Panther Cave is the region’s most famous pictograph site. The rear wall of the shelter is covered, floor-to-ceiling, with hundreds of motifs which collectively form an uninterrupted panel more than 100 feet in length. The namesake of the site, a giant red-painted mountain lion or panther, is over ten feet long from nose to the tip of the tail. Visitors should check lake conditions prior to making a trip by calling the visitor center at (830) 775-7491 ext. 3217. Low lake levels can prevent access through the mouth of the Pecos from the Pecos boat ramp (14 miles round trip.) The next closest boat ramp is Box Canyon (60 miles round trip.) From the boat dock at Panther Cave, visitors climb a sixty-foot steel staircase up to the rock shelter. A steel fence and an elevated catwalk limit where visitors can walk and helps reduce potential damage to vegetation and buried archeological remains. The steel fence, designed to maximize photographic vantage points, was completed in 1996 by the NPS. Unobtrusive interpretive panels provide visitors with information about the pictographs, the prehistoric cultures that once lived in the reservoir basin, and the need to protect and preserve Panther Cave as well as to the other sites in the region.

In addition to the region's State and National parks, the Witte Museum Rock Art Foundation offers opportunities for visiting additional sites which are not on public lands.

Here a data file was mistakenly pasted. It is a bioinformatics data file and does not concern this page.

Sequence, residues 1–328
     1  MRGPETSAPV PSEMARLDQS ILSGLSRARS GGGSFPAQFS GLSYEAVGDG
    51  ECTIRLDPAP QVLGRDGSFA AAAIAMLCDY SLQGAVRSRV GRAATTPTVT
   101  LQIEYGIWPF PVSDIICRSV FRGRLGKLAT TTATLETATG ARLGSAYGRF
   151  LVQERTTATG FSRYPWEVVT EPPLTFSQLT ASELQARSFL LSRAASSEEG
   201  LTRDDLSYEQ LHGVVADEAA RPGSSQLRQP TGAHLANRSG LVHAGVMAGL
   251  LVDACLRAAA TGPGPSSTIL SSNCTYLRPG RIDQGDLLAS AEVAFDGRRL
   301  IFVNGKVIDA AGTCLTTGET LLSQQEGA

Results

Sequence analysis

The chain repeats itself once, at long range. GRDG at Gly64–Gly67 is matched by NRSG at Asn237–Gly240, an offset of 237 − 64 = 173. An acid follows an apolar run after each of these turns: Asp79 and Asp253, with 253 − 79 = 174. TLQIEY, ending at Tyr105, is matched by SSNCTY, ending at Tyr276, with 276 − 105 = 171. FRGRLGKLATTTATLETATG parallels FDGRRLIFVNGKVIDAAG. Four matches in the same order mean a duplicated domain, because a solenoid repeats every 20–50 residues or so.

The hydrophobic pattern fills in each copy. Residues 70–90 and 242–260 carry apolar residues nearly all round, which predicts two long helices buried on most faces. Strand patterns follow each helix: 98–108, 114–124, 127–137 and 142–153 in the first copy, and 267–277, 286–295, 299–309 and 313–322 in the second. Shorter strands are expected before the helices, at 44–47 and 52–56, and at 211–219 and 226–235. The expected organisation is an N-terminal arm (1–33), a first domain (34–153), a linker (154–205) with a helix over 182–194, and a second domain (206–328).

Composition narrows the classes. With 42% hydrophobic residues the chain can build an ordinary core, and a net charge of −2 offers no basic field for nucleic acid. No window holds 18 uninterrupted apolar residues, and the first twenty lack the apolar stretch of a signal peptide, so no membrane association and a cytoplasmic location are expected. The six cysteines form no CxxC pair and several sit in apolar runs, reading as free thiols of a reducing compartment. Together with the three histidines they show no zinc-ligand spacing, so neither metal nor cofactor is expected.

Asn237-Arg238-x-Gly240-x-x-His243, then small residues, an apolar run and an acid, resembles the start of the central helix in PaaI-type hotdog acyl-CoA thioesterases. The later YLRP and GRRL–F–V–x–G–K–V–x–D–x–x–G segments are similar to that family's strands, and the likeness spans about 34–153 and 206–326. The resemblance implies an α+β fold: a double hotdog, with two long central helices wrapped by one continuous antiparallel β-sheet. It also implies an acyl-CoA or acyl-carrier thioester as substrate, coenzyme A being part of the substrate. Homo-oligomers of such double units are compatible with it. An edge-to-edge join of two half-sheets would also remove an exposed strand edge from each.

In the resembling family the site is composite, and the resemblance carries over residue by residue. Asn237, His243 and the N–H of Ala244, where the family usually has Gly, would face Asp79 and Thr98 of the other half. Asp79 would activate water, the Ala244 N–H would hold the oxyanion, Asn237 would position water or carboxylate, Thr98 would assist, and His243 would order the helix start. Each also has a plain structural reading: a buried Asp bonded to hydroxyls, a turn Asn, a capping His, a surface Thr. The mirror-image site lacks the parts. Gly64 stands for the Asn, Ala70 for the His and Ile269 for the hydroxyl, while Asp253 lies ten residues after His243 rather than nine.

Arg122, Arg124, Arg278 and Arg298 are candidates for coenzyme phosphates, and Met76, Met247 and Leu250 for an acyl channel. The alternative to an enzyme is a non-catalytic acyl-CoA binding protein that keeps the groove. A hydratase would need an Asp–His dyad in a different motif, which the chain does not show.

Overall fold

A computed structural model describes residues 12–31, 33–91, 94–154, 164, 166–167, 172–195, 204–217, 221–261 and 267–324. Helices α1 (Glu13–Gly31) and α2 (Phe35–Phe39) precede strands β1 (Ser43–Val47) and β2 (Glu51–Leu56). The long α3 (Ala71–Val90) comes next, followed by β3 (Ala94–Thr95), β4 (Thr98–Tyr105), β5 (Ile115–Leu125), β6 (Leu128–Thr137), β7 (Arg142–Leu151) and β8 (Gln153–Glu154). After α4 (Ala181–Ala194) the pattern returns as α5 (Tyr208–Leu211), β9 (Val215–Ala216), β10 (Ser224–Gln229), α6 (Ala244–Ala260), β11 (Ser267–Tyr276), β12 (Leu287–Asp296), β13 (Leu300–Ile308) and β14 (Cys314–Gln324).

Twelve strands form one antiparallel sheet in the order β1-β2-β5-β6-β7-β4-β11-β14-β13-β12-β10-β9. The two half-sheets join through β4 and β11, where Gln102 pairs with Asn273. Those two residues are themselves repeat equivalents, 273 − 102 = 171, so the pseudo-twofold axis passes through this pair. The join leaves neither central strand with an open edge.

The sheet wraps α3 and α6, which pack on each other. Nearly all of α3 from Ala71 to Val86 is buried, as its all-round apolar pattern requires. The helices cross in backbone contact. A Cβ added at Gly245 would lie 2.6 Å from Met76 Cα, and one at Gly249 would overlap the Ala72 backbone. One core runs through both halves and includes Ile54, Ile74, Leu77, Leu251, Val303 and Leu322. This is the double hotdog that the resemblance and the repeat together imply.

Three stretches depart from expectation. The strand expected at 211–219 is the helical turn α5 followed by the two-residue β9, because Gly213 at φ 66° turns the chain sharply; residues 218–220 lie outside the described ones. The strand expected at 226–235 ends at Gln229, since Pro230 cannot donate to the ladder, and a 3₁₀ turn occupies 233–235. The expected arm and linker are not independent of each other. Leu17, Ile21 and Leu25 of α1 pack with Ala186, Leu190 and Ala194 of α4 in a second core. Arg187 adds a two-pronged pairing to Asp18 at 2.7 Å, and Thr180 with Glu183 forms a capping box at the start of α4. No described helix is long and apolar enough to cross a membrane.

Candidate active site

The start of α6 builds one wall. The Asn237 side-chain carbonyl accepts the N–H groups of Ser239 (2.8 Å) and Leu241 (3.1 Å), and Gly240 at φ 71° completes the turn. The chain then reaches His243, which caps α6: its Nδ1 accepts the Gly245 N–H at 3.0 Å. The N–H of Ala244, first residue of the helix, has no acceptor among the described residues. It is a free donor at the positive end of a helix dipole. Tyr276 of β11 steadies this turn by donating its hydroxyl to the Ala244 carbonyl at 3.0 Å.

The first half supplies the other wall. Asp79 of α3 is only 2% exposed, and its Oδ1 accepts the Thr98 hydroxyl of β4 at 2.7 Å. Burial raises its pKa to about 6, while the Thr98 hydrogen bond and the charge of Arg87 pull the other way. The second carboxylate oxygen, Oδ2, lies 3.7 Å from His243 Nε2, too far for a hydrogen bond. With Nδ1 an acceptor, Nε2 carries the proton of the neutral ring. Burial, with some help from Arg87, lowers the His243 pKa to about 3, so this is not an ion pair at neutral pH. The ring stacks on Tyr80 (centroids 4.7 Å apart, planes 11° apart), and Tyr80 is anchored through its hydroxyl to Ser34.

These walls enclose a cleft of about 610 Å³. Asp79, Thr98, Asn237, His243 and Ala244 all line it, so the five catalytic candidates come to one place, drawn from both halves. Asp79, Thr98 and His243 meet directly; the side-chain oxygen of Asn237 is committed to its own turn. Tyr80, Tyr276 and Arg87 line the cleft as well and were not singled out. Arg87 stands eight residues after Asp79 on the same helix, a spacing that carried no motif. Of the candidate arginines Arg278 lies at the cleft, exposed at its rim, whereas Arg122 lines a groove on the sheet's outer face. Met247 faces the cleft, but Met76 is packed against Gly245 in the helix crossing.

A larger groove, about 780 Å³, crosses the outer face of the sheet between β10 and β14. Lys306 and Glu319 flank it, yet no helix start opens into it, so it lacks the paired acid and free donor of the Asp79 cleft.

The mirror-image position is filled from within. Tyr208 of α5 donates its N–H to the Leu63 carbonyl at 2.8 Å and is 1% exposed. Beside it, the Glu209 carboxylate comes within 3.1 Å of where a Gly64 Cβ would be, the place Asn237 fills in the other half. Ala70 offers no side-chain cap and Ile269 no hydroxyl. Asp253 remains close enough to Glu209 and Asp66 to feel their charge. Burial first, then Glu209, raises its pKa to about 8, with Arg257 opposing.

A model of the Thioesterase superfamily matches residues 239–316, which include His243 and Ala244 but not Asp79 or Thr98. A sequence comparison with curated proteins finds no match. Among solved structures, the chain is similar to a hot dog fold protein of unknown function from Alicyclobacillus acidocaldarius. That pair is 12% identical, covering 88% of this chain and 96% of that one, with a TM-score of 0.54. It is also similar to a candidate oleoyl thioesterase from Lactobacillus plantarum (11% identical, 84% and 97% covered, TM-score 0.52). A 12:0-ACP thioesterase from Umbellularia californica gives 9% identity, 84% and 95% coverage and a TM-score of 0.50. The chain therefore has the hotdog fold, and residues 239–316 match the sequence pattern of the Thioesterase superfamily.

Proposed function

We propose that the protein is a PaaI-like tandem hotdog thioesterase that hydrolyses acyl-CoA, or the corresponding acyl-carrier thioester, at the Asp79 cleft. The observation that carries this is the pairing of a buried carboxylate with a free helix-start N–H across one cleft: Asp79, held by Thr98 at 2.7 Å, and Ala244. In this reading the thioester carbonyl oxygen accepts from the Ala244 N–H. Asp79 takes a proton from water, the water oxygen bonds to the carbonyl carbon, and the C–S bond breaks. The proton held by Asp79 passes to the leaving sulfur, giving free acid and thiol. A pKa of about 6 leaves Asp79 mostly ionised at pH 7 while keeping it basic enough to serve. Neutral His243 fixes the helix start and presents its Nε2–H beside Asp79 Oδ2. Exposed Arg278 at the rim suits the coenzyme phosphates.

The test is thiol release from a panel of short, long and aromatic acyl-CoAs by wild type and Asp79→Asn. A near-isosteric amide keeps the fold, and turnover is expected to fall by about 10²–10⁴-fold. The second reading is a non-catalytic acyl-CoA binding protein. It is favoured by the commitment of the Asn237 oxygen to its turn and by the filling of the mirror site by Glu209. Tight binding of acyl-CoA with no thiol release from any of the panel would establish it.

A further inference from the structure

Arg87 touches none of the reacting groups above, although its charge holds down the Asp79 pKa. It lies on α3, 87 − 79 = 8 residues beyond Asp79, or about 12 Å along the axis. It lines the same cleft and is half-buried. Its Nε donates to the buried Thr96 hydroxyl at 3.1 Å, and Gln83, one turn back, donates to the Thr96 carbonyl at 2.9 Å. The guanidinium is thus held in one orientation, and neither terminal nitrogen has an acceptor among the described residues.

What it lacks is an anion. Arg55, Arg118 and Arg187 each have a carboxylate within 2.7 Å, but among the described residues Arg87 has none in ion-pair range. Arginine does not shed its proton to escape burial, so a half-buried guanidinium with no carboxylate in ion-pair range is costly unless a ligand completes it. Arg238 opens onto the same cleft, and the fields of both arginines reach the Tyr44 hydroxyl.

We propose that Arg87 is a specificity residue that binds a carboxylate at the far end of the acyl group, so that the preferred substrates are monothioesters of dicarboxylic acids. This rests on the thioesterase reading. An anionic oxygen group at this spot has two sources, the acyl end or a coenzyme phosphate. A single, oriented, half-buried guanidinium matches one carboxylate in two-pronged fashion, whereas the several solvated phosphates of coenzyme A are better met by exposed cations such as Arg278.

whiteshaman1
The White Shaman is one of the best  known examples of Pecos River style pictographs.

The Witte Museum Rock Art Foundation (RAF) leads tours to the White Shaman Preserve, overlooking the Pecos River, two miles west of Seminole Canyon State Park. It also offers regular trips to some of the region’s most famous rock art sites. The RAF has published several research reports including a detailed examination and conservation assessment of the Lewis Canyon Petroglyph site. Their most recent project has been to produce a CD-ROM featuring Lower Pecos Region pictographs. The RAF website (above) has one of the best pictorial presentations available on regional rock art available anywhere on the Internet.

Know Before You Go” should be the watchwords for anyone wanting to see the pictographs of the Lower Pecos region of southwest Texas. Seminole Canyon State Park and Historic Site is a sure bet if you have little time or are just passing through the area. For heartier folks, Presa Canyon and Upper Canyon tours offer the experience of a lifetime. If you have a boat, or want to rent one, the Panther Cave and Parida Cave trip provides the best that the region has to offer. Or, you can join one of the regional rock art foundations and make annual treks to participate in sponsored activities for many years to come. No matter what you choose to do be sure to check local web sites first to insure that “you know before you go.”

 
 

Last updated: March 7, 2017

Contact the Park

Mailing Address:

4121 Veterans Blvd
Del Rio, TX 78840

Phone:

(830)775-7491 x0